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Regional Refuse District #1 Field Proposal Status

by on July 18, 2012

Proposed Area © Sharon Wilbur 2012

I met with Dan Jerram to get an overview of the Regional Refuse District proposal to create field space for football, soccer and baseball on the Refuse District’s property.  The District sees the possibility that it will have excess Capital Improvement funds that will need to be returned to the towns.

Dan reiterated the fact that in New Hartford the Selectmen are committed to resolving our field space issue by moving forward with the field improvements at Antolini School, and as far as they’re concerned, they will continue to move in that direction as it is the best direction for our town.

He did say that everyone was willing to look at the proposal, but they were having problems getting a cost estimate from the engineers as to a plan of development that is more than a conceptual proposal.  Right now there isn’t enough information to go on.

He sees several problems with the proposal by RRD#1 including the fact that the biggest member of the District, Winsted, needs no field space.   Ownership is around 50% for Winsted, 30% for New Hartford, and 20% for Barkhamsted.   If  Winsted gets 50% of any left-over funds, they will probably opt for the money.  So of the approximately $300,000 excess expected, about $150,000 would be left to New Hartford and Barkhamsted to defray the cost of any construction, if it could even go forward with Winsted holding 50% of the vote.

There is some question as to how Regional 7 would fit into the “ownership” scenario since it is not a member of RRD#1, and Colebrook and Norfolk that are part of Regional 7 are also not members of RRD#1.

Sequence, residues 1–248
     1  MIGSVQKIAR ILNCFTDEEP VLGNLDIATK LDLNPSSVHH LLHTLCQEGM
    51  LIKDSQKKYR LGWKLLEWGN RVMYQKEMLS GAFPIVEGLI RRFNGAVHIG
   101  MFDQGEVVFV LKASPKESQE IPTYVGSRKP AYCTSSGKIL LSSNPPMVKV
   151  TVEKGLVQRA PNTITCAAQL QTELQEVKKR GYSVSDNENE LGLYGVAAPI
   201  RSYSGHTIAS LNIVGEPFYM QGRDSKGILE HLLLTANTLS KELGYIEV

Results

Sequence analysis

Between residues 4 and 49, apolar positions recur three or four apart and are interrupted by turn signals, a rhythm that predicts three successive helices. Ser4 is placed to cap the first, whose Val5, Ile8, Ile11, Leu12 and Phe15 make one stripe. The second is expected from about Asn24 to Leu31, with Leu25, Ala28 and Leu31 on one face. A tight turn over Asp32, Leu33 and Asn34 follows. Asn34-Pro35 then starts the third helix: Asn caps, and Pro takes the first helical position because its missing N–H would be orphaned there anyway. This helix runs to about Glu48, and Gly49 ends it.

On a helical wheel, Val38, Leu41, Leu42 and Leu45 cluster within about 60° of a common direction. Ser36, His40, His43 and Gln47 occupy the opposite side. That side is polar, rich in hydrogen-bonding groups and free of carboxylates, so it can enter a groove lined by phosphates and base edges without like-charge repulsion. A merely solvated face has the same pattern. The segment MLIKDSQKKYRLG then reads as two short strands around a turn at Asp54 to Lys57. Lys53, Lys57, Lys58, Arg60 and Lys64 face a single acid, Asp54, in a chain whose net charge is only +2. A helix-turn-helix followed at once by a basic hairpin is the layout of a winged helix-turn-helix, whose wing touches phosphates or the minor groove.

Dan is also concerned about contamination.  Superfund Status is not resolved until 2016. It is not known whether field space would be allowed and if it is, the perception of danger would be a  concern to the parents of the children.   That concern is real, as was demonstrated by our daughter when she read of the proposal.

Once Selectmen started looking at the issues with RRD#1, including pollution, ownership, scheduling, charter issues and State Legislative approval requirements, it became clear that the solution was not going to be easy, and in fact would be “convoluted.”

Dan says original proposed costs of field construction on RRD#1 property ran from $600,000 to $700,000 because the parcel has a very steep slope.  That outlay didn’t include making any improvements to the overall appearance, putting the price tag possibly close to $1 million.

Photo taken standing mid-way on loop at bulky waste facility. Slope is apparent on the road. © Sharon Wilbur

Close up of tree line showing drop-off of trees beyond © Sharon Wilbur

Dan made it clear that he was not opposed to a regional solution.  If we were to be able to get all of the towns and school together and start from scratch with another piece of property, it would be much easier. But when you look at the property at RRD#1, understand the limitations as an entity, the limitations on the property and understand that it is a polluted “Superfund Site,” the proposal “doesn’t exactly lend itself to making ‘friends’ and taking on new real estate partners.”

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